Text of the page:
Pension ISA: what you need to know
Industry experts warn such a move would lead to investors losing billions in tax relief. They also say it could trigger a “Northern Rock style run on money” and would do little to alleviate the budget deficit.
YourMoney.com explains the proposals and the potential impact on pension pots for basic, higher and additional rate tax payers.
What’s the current system of pension tax relief and withdrawals?
Currently, if you’re a basic rate taxpayer the government will give you £20 for every £80 you put into your pension pot. If you’re a higher rate taxpayer earning over £42,385 (this rises to £43,000 in April) the government contributes £40 for every £60 you contribute. If you’re an additional/top rate taxpayer (earning over £150,000), you pay £55 and the tax relief is £45.
Under the new pension freedoms introduced in April 2015, anyone aged 55+ can withdraw 25% of their pension pot tax free, while the rest is taxed at their current income tax rate.
What’s being hinted?
The outcome of the government’s review on pension taxation – announced during last summer’s Budget – is expected in the Budget on Wednesday 16 March.
There has been widespread speculation that George Osborne is expected to end the 40% and 45% pension tax relief rates at the Budget.
Instead, he would introduce a flat rate of tax relief, closer to 20% for all pension savers.
But last night it was reported that the Chancellor is gravitating to a reform to pension taxation based on an ISA-style system where he’d do away with tax relief altogether (not even at the basic 20% tax relief), but withdrawals would be tax free. Further, the government would offer a 20% “top up” to savers drawing their retirement income.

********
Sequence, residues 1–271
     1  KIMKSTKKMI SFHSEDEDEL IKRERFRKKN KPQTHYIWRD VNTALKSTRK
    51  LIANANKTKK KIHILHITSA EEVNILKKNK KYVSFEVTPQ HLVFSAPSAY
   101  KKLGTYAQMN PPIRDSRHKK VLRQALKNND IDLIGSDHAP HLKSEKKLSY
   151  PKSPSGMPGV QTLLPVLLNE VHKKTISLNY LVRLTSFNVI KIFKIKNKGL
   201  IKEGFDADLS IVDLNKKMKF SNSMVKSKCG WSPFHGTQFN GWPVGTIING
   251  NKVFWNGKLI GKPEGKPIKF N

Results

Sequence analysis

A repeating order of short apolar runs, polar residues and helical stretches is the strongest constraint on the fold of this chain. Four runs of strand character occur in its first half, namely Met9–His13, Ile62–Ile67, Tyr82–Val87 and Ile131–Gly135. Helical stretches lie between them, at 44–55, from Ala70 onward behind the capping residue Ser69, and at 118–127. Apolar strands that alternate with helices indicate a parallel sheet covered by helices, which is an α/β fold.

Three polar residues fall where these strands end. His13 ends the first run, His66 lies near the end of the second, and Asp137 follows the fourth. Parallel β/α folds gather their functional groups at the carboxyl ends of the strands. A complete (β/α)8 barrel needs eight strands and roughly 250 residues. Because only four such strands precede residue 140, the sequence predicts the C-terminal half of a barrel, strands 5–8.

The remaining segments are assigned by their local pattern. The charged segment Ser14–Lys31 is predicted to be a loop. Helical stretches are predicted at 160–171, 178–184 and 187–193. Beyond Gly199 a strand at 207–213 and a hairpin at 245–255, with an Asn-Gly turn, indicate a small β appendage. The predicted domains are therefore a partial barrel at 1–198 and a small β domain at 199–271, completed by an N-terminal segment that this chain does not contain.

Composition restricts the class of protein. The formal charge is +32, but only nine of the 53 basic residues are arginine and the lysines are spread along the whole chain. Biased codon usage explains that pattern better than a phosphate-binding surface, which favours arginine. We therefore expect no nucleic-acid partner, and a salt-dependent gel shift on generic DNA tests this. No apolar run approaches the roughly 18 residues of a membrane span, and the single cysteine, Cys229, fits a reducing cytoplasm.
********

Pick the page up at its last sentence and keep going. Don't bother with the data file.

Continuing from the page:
So rather than savers receiving tax relief on their gross income, the money in a pension ISA would come from taxed or net income and you’d receive a 20% top-up when you’re ready to retire.
How would this work?
Everyone pays tax on earnings and from their taxed income, individuals would pay into a pension ISA. The government would set an annual limit of what people could pay into the pension ISA.
This would mean a move away from a tax relief basis towards a top-up system. As an example, if the annual limit were set at £10,000 and the government offered to top it up by £2,000 (20%), it would be on the condition that you don’t withdraw the full amount until you reach retirement age.
How will this affect me?
A move away from tax relief towards a top up system isn’t good for medium or higher earners.
At the moment, you can put up to £40,000 into a pension in a tax year. Under a pension ISA system, the offer of a 20% top-up is lower than what higher and additional rate tax payers currently enjoy.
Martin Tilley of Dentons Pension Management says that even if someone puts £10,000 into a pension and the government tops it up by £5,000, this still only represents a 33% uplift, which is below the current 40% and 45% tax relief higher and additional earners enjoy.
Tom McPhail, head of retirement policy at Hargreaves Lansdown, says the offer of a 20% top up, with tax free withdrawals looks “superficially attractive”, and a change to pension taxation will involve cuts to the tax relief available.